All the same, it has begged the question of when will this man mountain of a midfielder, aged 25, truly come of age?
We have had our answer in France’s first two group games. Pogba’s level has been solid if not spectacular but he has changed the course of both games and really kick-started Les Bleus’ stagnant campaign.
His deflected winner against Australia, following a well-timed run into the box, helped Deschamps’ side to all three points in the opener. In the same game, let’s not forget, he supplied Antoine Griezmann with a defence-splitting pass, putting the striker clean through on goal, in an incident which led to a crucial penalty decision via VAR.
And then, against Peru, he pounced brilliantly on the South American side’s loose possession in midfield and helped France burst forward as Kylian Mbappe eventually turned in Olivier Giroud’s effort.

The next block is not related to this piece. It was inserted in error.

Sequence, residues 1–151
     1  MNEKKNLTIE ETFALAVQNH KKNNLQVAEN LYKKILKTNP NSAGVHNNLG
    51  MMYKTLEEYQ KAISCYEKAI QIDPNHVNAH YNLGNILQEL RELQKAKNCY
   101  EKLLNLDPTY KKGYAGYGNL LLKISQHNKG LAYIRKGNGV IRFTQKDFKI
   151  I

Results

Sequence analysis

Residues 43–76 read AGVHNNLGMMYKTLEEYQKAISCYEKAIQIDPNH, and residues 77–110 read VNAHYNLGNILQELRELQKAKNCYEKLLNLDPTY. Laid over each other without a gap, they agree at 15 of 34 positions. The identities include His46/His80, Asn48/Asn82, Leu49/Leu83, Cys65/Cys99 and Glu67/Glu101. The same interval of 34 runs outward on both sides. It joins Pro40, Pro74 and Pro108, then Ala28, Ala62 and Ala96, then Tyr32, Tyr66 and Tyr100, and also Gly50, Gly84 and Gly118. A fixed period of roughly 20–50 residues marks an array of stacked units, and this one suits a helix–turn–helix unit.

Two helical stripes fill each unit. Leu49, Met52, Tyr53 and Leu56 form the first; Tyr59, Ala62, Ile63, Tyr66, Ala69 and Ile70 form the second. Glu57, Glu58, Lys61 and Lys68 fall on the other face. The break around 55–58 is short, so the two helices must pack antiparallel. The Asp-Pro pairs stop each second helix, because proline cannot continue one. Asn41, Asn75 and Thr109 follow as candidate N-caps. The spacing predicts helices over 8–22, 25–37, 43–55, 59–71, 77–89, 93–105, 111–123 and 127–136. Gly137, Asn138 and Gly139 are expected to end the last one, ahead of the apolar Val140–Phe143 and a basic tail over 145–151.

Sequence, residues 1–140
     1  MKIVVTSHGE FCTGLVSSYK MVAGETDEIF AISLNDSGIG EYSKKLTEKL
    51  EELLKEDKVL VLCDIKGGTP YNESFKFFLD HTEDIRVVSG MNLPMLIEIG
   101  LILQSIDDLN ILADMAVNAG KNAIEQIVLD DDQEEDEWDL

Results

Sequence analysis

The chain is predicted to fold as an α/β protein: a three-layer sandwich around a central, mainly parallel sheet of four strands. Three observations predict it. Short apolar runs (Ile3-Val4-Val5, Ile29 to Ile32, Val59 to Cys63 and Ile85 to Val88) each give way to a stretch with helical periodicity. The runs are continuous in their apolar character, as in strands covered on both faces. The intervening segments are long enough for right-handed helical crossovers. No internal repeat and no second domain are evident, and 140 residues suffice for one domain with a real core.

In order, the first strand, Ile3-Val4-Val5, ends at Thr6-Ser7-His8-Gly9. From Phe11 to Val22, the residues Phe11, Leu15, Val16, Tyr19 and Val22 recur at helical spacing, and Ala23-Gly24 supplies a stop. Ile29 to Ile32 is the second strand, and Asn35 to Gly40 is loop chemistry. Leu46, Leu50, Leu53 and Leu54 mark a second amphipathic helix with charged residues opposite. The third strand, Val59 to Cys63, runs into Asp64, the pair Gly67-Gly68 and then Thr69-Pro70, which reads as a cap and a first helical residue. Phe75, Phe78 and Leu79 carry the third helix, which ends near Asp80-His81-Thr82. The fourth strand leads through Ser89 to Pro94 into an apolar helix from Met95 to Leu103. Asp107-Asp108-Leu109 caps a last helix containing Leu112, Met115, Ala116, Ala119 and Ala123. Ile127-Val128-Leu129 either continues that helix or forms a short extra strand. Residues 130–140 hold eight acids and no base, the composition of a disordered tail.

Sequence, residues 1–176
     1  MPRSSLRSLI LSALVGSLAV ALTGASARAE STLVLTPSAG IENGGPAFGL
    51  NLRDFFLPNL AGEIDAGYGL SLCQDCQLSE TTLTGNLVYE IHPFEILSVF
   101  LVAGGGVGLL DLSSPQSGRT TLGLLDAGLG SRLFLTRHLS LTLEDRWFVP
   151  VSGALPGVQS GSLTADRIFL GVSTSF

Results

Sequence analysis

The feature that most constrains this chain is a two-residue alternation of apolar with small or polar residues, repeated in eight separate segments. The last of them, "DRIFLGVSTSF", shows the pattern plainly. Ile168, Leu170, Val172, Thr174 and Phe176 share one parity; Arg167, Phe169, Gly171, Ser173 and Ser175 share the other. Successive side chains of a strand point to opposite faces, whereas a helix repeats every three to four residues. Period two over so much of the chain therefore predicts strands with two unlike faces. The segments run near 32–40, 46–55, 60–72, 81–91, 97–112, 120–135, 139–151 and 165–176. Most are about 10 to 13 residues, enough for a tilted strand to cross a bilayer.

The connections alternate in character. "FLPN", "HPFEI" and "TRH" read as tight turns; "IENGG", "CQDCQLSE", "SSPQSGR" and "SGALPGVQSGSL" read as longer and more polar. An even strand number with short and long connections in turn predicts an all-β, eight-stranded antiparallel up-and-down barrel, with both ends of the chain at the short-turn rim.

He has certainly risen to the occasion and is answering his critics. Indeed, he could well inflict misery on another.
Denmark coach Age Hareide was recently critical of Pogba’s many different hair fads, overblowing the Frenchman’s focus on image off the pitch rather than substance on it.
Pogba bit his tongue, a bit, when responding to a question about Hareide’s remarks in a press conference on Sunday, saying: “I should have dyed my hair red. But seriously, we’ll do the talking on the pitch.”
You can be confident he will do just that as he and France try to build momentum for the next phase. Expect Pogba to leave it all out there, after all, he also revealed it could be his last World Cup.
Do Denmark play for a draw or throw caution to the wind?
A point will seal the Danes’ progress regardless of Australia’s result, with the Socceroos playing at the same time in Sochi.